Verification Group Moves to Second Phase

January/February 2018
By Alicia Sanders-Zakre

The International Partnership for Nuclear Disarmament Verification (IPNDV) has developed a verifiable framework process for dismantling nuclear weapons and outlined the next phase of its work. It concluded its first phase after convening its fifth plenary meeting in Buenos Aires on Nov. 29-Dec. 1.

Nuclear Threat Initiative President Joan Rohlfing (R) addresses the International Partnership for Nuclear Disarmament Verification plenary in Buenos Aires on November 29, 2017.  (Photo: Courtesy of the Nuclear Threat Initiative)The Nuclear Threat Initiative (NTI) and U.S. Department of State established the public-private partnership in 2014 to address the technical challenges involved in nuclear disarmament verification. More than 25 nuclear- and non-nuclear-weapon states have participated in the initiative, which has held three working group meetings in addition to plenary sessions. The working groups focused on monitoring and verification, on-site inspection, and technical challengesto verification.

Building on past dismantlement and verification exercises, including U.S.-Russian experience and a UK-Norwegian initiative, the working groups collaborated to outline a 14-step process for verifiable nuclear warhead dismantlement. The groups acknowledged that further work is needed, including testing several of the promising technologies and procedures and addressing additional disarmament steps beyond warhead dismantlement.

The IPNDV will form three new working groups in the next phase of its work to address outstanding issues on verification of nuclear weapons declarations, verification of reductions, and technologies for verification. The work is intended to contribute to the discussion on verification issues at the nuclear Nonproliferation Treaty (NPT) review conference in 2020.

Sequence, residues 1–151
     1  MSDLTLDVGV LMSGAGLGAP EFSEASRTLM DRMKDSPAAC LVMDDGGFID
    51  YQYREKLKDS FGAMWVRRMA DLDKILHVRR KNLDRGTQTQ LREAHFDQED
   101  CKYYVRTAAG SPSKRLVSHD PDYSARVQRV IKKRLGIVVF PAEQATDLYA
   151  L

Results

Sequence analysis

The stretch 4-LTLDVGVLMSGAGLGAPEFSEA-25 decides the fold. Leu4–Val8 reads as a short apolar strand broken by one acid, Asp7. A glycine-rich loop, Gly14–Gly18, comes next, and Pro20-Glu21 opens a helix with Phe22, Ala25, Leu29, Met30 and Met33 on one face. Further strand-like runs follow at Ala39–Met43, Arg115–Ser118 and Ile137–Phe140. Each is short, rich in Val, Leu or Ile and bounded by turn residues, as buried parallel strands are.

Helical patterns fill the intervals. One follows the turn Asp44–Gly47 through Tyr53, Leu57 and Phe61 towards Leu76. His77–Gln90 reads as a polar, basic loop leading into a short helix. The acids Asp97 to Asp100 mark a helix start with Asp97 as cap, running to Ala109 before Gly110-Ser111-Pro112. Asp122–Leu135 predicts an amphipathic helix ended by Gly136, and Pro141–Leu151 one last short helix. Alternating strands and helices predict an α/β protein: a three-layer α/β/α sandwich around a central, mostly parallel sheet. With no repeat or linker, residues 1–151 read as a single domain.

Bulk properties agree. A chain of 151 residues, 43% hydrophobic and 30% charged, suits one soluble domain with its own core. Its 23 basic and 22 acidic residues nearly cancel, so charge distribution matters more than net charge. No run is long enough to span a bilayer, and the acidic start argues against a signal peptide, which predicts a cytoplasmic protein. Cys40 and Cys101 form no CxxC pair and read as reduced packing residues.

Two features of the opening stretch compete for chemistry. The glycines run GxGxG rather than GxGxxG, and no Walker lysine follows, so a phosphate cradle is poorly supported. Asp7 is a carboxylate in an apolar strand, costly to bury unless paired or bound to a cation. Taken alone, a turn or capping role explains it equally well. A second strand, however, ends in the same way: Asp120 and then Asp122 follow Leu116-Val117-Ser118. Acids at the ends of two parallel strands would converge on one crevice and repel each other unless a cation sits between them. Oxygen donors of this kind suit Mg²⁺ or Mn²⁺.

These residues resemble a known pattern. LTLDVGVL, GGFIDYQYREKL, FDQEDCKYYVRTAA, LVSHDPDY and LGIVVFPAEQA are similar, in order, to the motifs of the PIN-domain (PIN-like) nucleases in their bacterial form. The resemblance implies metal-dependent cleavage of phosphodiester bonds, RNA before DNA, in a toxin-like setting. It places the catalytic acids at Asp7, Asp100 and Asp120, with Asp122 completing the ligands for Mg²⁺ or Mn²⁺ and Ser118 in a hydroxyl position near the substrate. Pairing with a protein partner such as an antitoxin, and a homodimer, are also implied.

“Specifically, the partnership will be able to leverage its experience and expertise to look into issues such as how to verify declarations, data handling requirements across the inspection process, and the use of technologies to enable measurements of special nuclear material and high explosives, all while preventing the disclosure of proliferation-sensitive information,” Anita Friedt, the acting U.S. assistant secretary of state for arms control, verification, and compliance, said at the opening of the plenary.

NTI President Joan Rohlfing, also speaking at the beginning of the plenary, hailed the initiative as a unifying step forward as international disarmament dialogue grows ever more divisive. “We are doing the difficult ‘technical homework’ over a sustained, multi-year process that will enable future disarmament to take place when the political environment allows it,” she said.

While the majority of the participants have been nuclear-weapons states and so-called umbrella states, which receive security guarantees from nuclear-armed states, such as Finland, Japan, and Poland, a few of the negotiators of the Treaty on the Prohibition of Nuclear Weapons, including Brazil, Mexico and Sweden, also contributed to the effort. Russia and China, which participated as observers in phase one of the project, will not participate in phase two.

Participants describe the IPNDV as part of nuclear-weapon states’ fulfillment of NPT's Article VI, which obligates those states to pursue good faith negotiations towards disarmament.

The IPNDV intends to share the results of phase two at the upcoming 2020 NPT Review Conference, where compliance with Article VI by nuclear-weapon states has long been a point of contention. The first meeting of phase two of the initiative will take place in Sweden in March 2018.